Monday, February 25, 2013

Week in Review, 2/23/13

Yes, just a couple of days late.  But this is an easy post.  We went to Big Sky, Montana. 

Eat. Ski. Soak. Sleep.



Rest on the fourth day.  (We went shopping in Bozeman a little.)

Eat. Ski. Soak. Sleep.


We spent a wonderful week with a couple of friends.  I love the simplicity of a ski vacation.  It makes for a very relaxing time with the kids.  Everyone knows exactly what we are going to do! 

There is just nowhere like Big Sky:  Huge, sprawling slopes, craggy mountains and empty ski runs.  We usually had entire slopes to ourselves--no one above or below us.

Pictures on the slopes are really tough, because I don't want to mess up my real camera and I rarely want to take my glove off for an iPhone shot.  But here are some shots of last week:

Bill at the beginning of the week.

Darcy waiting to go.

Jack in the foreground, Paige and me way back there.  This was at the top of one of my favorite runs, Bighorn.

Paige, ready.  That's Kat to the left in her snazzy lime goggles.

Looking up to Lone Peak (11,100 feet).  There are tiny little dots just below that midline--they are skiers!

I turned around and made this picture from the same spot as the previous picture, looking into the valley.

Matthew and Paige at Lone Peak.

The morning we left.  Snowglobe!  All the powder on the railing had fallen overnight.  Someone had some good skiing that day!

Tuesday, February 19, 2013

The Aeneid--A Review

What a ride.  I am so grateful to have stumbled upon:
The book club was just starting the Aeneid, so I jumped in with both feet.

I am a better person for having read this book.  I just finished it and I'm feeling a little thunderstruck at the ending, as if a movie just cut to black at the climactic scene.  I hope I can be organized enough to put my thoughts on paper (or computer, as it were).

First, let me praise Sarah Ruden's translation.  The language sings.  Some of the lines just beg to be read, re-read aloud, committed to memory.  One of the most memorable passages to me is when old King Evander sends his only and greatly beloved son Pallas into battle:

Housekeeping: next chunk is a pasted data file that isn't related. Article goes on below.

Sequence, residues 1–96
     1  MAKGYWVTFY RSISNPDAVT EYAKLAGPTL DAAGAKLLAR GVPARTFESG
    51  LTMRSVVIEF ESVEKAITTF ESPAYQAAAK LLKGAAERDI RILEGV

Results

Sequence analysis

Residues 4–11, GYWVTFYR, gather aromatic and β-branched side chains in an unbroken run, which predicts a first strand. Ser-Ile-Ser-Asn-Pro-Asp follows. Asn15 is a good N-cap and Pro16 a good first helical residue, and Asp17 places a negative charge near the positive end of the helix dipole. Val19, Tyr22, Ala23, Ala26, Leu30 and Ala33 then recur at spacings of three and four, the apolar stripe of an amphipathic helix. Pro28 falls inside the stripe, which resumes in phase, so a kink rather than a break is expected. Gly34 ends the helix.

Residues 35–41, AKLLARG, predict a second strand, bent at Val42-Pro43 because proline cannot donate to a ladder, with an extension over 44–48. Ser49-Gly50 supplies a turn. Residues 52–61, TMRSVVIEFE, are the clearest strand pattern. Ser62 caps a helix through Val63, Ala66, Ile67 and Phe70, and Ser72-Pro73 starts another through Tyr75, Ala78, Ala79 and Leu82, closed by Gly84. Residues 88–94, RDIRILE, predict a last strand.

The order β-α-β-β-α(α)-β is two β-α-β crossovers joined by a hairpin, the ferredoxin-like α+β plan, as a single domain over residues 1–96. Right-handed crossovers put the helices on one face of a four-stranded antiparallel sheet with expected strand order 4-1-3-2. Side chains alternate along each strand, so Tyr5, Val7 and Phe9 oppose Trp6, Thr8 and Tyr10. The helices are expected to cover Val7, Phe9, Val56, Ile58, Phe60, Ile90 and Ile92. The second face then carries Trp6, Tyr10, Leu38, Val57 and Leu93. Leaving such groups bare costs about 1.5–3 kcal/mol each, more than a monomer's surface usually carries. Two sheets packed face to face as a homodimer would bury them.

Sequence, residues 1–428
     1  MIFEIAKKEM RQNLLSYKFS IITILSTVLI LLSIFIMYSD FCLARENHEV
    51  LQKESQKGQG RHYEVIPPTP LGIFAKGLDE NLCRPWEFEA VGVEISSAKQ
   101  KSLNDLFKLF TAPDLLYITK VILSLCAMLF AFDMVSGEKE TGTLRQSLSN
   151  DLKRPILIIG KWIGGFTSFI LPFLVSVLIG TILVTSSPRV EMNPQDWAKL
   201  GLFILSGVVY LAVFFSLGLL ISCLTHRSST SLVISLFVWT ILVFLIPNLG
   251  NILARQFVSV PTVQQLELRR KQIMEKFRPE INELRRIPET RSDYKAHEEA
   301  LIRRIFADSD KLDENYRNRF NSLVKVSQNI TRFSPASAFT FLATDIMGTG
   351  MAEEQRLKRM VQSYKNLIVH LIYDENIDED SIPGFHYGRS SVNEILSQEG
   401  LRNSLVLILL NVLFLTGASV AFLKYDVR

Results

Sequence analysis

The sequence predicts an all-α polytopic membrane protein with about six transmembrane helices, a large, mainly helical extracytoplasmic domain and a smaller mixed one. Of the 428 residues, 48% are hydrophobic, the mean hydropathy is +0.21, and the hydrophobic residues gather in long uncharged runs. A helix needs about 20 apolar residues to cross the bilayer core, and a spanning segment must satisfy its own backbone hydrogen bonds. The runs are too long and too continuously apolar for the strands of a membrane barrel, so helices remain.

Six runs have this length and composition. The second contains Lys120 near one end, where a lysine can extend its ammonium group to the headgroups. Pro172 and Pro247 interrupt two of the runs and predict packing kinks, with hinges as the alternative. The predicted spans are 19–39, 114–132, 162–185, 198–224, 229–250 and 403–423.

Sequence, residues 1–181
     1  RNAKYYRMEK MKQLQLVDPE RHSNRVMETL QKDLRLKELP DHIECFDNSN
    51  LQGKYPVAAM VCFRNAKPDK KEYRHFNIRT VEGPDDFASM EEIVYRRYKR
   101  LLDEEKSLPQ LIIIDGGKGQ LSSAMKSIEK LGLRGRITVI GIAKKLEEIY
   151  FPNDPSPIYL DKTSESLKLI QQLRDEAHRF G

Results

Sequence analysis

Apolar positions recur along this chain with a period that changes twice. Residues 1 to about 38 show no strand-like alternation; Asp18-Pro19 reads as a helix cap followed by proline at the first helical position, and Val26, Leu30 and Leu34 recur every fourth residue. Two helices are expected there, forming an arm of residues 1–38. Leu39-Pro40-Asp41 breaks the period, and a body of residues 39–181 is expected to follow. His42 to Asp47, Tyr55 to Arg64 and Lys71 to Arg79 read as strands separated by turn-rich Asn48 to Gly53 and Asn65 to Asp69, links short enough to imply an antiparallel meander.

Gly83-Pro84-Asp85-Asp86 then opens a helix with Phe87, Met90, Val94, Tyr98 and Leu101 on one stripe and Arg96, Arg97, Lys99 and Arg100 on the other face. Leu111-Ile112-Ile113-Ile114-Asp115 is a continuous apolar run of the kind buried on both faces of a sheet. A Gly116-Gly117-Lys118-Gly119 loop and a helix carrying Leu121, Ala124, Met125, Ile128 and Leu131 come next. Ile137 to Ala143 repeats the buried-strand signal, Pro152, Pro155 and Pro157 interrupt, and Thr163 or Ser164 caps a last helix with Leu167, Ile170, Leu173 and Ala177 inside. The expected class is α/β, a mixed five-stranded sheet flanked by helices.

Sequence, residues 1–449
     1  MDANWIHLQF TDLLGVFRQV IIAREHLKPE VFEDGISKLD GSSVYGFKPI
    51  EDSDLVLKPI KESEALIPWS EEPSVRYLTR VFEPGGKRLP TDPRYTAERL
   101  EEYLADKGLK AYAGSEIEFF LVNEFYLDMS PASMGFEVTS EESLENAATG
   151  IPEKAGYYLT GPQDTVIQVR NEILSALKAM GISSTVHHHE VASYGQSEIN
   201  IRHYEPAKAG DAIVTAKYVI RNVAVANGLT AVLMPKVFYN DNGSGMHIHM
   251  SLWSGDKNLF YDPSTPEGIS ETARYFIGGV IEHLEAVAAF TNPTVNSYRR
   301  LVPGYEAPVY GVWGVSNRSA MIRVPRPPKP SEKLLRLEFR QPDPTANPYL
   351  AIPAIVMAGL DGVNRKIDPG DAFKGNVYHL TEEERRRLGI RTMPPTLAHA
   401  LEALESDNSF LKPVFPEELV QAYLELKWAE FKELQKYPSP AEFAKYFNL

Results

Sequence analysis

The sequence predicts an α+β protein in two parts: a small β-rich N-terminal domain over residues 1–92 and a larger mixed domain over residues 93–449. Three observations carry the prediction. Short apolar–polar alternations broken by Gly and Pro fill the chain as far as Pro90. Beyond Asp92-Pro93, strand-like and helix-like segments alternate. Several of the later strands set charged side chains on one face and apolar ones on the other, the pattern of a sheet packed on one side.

"You, gods above, and your great governor
Jupiter, pity an Arcadian king,
And hear a father's prayer.  If your divine power
And fate will keep my Pallas safe for me,
And if I live to see him face to face,
I beg to live, no matter what I suffer.
But if you threaten, Fortune, what I can't say,
Let me break off my wretched life already,
While fears are unconfirmed, hope arguable,
While you, dear son, sole pleasure of my old age,
Are in my arms, and no hard news is wounding
My ears." The father, at the last farewell,
Poured out these words, and swooned.
 Beautiful, human, powerful.  Brave men facing the unknown.

Second, the characters, even those sketched so briefly, are vivid.  Many appear for just a page or two, but Vergil's precise storytelling renders so many as real people. ("Is it gods who make me want this, or do we make our deadly urges gods?")  Frankly, my limited reading of the classics, including this one, points me to the fact that human nature is unchanged.  We all long for heroes, to be heroic, and we all have flaws.  Seeing those characteristics in these larger-than-life characters makes you look at everyone around you with different eyes.

Third, the scope is vast and sweeping, both geographically and emotionally.  This book has it all--  a desperate flight from defeated Troy, wild ocean adventures, romance (and jilted lovers), intense battles--all while suffering the meddling of the gods.

I don't want to do a more careful analysis, because I just want to savor the story and the effect it's had on me for a while.  Apparently I've raved enough about it that Matthew took it out of my hands the moment I finished it.